Sunday, April 25, 2010

L N Mittal tops Rich List for sixth year in a row

S Kalyana Ramanathan / London April 26, 2010

Lakshmi Mittal, the India-born CEO of steel maker ArcelorMittal, has for the sixth year in a row, topped the list of Britain’s 1,000 richest people, according to The Sunday Times published today.

With the steel sector rebounding earlier this year, Mittal’s wealth according to this list of the UK’s rich and the powerful, doubled from 2009-levels to £22.45 billion. Mittal, who has been holding the number one rank since 2005, saw his wealth erode to the lowest level in 2009, when he continued to hold the first place but with wealth estimated at £10.8 billion.

The other Indian who made it to the top ten in this list was mining entrepreneur Anil Agarwal of Vedanta Resources, who zipped all the way from the 70th rank in the 2009 list to the number 10 position this year. Agarwal’s wealth in 2010 was estimated at £4.1 billion and rose the sharpest in the top 10, with a jump of 583 per cent over 2009. Mittal’s wealth rose by 108 per cent over 2009 estimates. Both Mittal and Agarwal continue to hold an Indian passport, despite shifting permanent residence to the UK.

Philip Beresford, compiler of the Rich List, in his lead article introducing this year’s list wrote, “Fortunes in Britain are soaring as the world recovers from the 2008-09 crash. Stock markets are up, the banks are back from the brink and economic confidence is blossoming. As a result, the collective wealth of the 1,000 multimillionaires in the 2010 Sunday Times Rich List has climbed to £335.5 billion, up £77.27 billion on 2009. This is a 29.9 per cent increase, easily the biggest annual rise in the 22 years of the Rich List.”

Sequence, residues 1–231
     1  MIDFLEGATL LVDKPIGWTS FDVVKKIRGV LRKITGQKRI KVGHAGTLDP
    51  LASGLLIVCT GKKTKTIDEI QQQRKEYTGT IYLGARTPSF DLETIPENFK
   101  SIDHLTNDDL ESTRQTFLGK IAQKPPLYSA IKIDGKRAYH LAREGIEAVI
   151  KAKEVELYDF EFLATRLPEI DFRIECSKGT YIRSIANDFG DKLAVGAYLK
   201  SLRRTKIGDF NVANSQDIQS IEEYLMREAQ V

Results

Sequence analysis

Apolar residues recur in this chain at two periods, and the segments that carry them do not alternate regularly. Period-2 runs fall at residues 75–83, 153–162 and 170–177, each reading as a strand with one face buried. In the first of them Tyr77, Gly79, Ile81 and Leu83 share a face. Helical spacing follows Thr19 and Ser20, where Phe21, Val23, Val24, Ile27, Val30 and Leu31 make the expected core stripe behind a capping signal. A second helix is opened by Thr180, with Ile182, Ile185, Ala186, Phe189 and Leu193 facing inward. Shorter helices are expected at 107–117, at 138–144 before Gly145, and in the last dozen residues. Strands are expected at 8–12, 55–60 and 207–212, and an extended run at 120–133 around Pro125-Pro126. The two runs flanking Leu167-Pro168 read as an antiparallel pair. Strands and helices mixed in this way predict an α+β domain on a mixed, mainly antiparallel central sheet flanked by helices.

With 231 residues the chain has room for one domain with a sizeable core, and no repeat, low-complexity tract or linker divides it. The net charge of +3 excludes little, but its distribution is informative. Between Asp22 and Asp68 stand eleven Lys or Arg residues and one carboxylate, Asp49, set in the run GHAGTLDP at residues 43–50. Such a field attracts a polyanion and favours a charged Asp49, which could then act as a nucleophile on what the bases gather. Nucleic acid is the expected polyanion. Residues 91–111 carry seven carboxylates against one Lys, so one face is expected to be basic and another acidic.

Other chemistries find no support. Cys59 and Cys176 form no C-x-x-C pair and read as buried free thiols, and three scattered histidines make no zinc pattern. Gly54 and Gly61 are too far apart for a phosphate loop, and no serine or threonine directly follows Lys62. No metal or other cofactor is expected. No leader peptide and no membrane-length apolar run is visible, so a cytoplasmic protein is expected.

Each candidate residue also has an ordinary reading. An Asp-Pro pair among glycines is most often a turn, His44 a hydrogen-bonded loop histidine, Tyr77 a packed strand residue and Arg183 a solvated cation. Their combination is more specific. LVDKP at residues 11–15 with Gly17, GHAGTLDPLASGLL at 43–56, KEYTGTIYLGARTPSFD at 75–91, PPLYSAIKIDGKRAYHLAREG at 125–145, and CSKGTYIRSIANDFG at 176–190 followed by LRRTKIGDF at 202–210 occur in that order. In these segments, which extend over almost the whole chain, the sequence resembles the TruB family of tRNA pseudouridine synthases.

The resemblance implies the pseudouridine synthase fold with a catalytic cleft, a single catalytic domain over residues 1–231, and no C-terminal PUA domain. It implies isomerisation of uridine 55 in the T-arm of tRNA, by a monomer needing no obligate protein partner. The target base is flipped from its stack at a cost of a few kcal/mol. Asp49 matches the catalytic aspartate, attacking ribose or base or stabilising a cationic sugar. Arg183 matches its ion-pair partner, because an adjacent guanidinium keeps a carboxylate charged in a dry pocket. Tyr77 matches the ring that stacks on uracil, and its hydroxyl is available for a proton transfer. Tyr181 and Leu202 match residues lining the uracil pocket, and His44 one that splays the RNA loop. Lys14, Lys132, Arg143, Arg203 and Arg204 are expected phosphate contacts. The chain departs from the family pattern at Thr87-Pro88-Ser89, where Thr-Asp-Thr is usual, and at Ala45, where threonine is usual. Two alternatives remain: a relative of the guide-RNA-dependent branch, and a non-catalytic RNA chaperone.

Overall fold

The list released today also comes just 11 days before Britain goes to polls to elect its next government that is fiercely fought between the ruling Labour, the Conservatives, and the Liberal Democrats, which is now seen as the second most popular party (ahead of Labour) by many opinion polls. Beresford also took a dig at the popular belief that the Labour party is pro-poor and pro-working class and said, “The first decade of new Labour was in fact a golden age for the rich in Britain.

When the Blair administration came to power in 1997, the wealth of the then richest 1,000 stood at £98.99 billion. By 2008, it had risen to nearly £413 billion. After a savage bust in 2009 it is clearly heading northwards. This year’s £335.5 billion is nearly 239 per cent higher than in 1997.”

The Rich List is based on the publisher’s estimates of the minimum wealth of Britain’s 1,000 richest people or families.

Therefore, the paper also cautions that the actual size of their fortunes may be much larger than what it has estimated. Valuation were carried out at the beginning of January 2010. Only identifiable wealth are measured — land, property, racehorses, art or significant shares in publicly quoted companies. It does not include bank account (as this detail remains out of access for general public) and small shareholdings in private equity portfolios.

Not so generous?

Neither Lakshmi Mittal nor Anil Agarwal made it to the top 50 in The Sunday Times Giving List — a compilation of the most generous philanthropists in the UK. This list was topped by Christopher Cooper-Hohn, a London hedge fund manager whose recent donations are estimated at £531.2 million. It must, however, be remembered that not all generous gestures are necessarily recorded publicly or even those recorded publicly may be considered in this list. For example, Lakshmi Mittal’s company gave away nearly £16 million worth of steel for the ArcelorMittal Orbit — a public piece of art — to commemorate the 2012 London Olympics. Similarly, Anil Agarwal will be spending $1 billion in building the Vedanta University in Orissa.

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